• a lack of preparedness for Year 15; • a need for repairs and rehabilitation of properties; • issues related to restructuring partnerships and negotiating exit taxes; • challenges related to refinancing debt; • difficulties obtaining capital; and • challenges related to the physical management and asset management of properties.

    Challenges unique to the St. Louis region include:

    • the absence of a proactive approach by many in the region in regard to Year 15; • need for a citywide, strategic approach to the spatial development of LIHTC properties; • issues related to the rules imposed by the state’s housing finance agency; • unwillingness of banks to refinance local LIHTC deals; and • a general lack of communication by parties at a state, city and individual project level.

    Data from the Department of Housing and Urban Development’s (HUD) LIHTC database suggest that 1,090 affordable units are approaching Year 15 in 2012 in the St. Louis Metropolitan Statistical Area (MSA), while an additional 14,775 units are set to arrive at Year 15 between 2012 and 2024. Several attendees at the aforementioned meeting have agreed to participate in a LIHTC working group to address the issues that were identified. This group is presently being convened by a respected regional nonprofit organization with extensive experience in the LIHTC field.

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    Part 1. Overview of LIHTC and Challenges Presented by the Onset of Year 15

    Rising Demand for Rental Housing With homeownership rates on the decline nationwide, individuals and families are turning to rental housing in increasing numbers (Callis & Kresin, 2012). From 2011 to 2012, the vacancy rate of rental units decreased while the median rent price increased, signaling an upswing in the rental market nationwide (Callis & Kresin, 2012). This stands in contrast to recent homeownership trends. The drop in homeownership from 2000 to 2010 was the largest since the decade between 1930 and 1940 (Mazur & Wilson, 2011). Much of this decline was tied to foreclosures stemming from a struggling economy, with the highest foreclosure rates occurring in low-income and minority communities (Joint Center for Housing Studies, 2011). The rising demand for rental housing looks set to continue for several reasons:

    • Many of those who defaulted on home loans will be forced to stay in the rental market for the near future (Keely, van Ark, Levanon, & Burbank, 2012).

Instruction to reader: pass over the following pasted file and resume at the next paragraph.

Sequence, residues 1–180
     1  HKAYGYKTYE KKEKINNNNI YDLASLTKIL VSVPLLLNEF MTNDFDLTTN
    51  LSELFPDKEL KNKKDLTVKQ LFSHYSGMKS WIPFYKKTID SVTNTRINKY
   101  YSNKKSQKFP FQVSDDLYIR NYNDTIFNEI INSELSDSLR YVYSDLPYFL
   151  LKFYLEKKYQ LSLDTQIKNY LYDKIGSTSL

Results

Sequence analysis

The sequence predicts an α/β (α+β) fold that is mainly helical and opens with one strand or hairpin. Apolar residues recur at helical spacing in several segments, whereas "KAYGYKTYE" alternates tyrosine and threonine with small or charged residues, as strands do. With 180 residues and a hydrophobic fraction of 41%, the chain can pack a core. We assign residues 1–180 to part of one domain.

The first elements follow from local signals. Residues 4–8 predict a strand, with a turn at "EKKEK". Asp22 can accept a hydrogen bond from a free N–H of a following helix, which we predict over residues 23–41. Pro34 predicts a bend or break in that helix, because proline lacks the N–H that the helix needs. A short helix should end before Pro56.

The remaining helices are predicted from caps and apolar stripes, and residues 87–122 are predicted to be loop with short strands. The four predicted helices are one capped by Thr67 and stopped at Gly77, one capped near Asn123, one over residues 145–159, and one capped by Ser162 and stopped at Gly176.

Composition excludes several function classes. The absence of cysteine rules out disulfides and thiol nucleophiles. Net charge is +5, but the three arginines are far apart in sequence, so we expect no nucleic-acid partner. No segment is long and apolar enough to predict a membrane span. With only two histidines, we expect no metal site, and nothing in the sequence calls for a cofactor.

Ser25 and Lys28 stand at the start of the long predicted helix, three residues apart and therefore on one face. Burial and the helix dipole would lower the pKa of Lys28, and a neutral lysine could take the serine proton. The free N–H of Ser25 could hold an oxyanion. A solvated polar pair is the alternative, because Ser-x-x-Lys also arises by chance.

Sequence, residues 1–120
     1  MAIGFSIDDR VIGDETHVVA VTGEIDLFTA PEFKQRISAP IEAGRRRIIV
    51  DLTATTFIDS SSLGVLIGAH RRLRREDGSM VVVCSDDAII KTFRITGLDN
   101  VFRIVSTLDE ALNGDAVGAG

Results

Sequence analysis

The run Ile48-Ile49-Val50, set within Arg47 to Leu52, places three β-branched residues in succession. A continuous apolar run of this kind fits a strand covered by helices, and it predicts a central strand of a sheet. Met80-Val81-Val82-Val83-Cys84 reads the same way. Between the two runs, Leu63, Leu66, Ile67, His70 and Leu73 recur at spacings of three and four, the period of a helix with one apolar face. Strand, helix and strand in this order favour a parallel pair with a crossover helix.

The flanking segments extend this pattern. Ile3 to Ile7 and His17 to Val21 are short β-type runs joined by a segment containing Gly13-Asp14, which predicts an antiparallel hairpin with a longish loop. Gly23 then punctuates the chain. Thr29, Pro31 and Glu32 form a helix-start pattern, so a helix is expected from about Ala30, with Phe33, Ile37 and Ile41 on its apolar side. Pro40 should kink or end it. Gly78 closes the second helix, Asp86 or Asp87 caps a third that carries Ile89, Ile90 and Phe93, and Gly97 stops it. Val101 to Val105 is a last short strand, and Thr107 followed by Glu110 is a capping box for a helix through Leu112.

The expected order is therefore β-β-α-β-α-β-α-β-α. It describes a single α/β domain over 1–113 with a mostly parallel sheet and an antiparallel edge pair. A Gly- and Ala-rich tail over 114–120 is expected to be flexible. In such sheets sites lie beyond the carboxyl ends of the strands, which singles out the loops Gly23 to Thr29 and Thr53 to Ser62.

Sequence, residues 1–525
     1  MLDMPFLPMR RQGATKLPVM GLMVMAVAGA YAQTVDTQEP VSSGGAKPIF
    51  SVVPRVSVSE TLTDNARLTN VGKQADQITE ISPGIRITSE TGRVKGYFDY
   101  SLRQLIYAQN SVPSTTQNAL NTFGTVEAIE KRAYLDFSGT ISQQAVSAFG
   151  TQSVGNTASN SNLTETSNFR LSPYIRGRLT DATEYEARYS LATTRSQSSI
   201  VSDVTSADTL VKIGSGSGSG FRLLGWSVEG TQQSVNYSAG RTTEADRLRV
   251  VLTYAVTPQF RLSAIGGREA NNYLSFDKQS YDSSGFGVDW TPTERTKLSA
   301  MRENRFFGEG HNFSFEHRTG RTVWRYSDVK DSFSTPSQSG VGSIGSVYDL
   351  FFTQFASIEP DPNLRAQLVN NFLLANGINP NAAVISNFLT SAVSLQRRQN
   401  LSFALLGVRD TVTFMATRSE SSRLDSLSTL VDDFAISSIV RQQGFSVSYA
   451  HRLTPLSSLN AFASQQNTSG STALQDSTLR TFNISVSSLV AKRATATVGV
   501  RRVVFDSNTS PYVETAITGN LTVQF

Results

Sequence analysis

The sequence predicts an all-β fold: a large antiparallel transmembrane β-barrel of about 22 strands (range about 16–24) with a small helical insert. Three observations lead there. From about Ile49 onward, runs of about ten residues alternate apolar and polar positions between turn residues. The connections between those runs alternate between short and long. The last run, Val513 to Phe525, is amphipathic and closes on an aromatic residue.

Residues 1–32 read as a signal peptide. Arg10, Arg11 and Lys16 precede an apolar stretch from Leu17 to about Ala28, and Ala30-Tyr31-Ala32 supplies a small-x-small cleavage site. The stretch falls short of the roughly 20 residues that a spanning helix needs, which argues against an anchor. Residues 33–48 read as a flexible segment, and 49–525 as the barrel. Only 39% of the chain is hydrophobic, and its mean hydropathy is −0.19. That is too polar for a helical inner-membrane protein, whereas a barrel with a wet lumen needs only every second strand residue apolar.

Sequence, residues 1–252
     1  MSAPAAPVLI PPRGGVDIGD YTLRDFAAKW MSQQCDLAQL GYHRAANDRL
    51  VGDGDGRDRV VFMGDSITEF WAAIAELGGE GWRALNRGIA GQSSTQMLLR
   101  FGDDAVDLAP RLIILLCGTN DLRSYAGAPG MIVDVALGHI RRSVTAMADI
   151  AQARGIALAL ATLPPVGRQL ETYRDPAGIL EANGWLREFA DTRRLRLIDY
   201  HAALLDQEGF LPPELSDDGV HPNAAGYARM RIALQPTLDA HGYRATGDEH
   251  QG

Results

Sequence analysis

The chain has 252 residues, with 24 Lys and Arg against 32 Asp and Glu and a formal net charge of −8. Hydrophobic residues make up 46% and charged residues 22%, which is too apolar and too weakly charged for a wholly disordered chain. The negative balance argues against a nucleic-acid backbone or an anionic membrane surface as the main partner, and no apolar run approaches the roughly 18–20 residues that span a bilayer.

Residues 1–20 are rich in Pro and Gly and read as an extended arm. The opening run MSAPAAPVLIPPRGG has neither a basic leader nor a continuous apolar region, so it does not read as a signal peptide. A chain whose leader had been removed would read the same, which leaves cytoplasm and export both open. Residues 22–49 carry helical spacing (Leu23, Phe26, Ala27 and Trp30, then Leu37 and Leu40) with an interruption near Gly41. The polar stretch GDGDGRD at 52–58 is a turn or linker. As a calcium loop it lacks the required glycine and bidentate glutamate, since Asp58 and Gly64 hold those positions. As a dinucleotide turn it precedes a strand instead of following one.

• Young adults and those with uncertain employment prospects are more likely to rent than to buy homes until the employment outlook improves (Keely et al., 2012).

    • New immigrants entering the country are likely to continue to contribute significantly to the demand for rental housing (Joint Center for Housing Studies, 2011).

    • Uncertain attitudes about homeownership combined with tighter lending restrictions will likely lead to less demand for home purchases (Joint Center for Housing Studies, 2011).

    This high demand for rental units, coupled with rising rent prices, has troubling implications for low- income families. Housing is generally considered to be affordable when the amount paid toward it does not exceed 30 percent of families’ overall budgets (Feldman, 2002). Although housing affordability generally appears to have improved over the last five years, a recent study by the Center for Housing Policy suggests that the affordability of homes and rentals for low- and moderate-income families has decreased, even though home prices have fallen (Williams, 2012). This is due in part to the impact of the recent recession on families’ income and net worth. The average household income dropped an estimated 2.3 percent between 2009 and 2010 (DeNavas-Walt, Proctor, & Smith, 2011), while the average household experienced an estimated 39 percent drop in wealth between 2007 and 2010 (Bricker et al., 2012). In addition, while the job market is slowly recovering, unemployment rates remain high, with many individuals finding themselves out of work for long periods of time and some simply giving up their job searches (Ilg, 2011). When considered together, these trends indicate a growing need for affordable rental housing. Yet this need is not being adequately met at present.

    Shortage of Affordable Housing Recent data from the National Low Income Housing Coal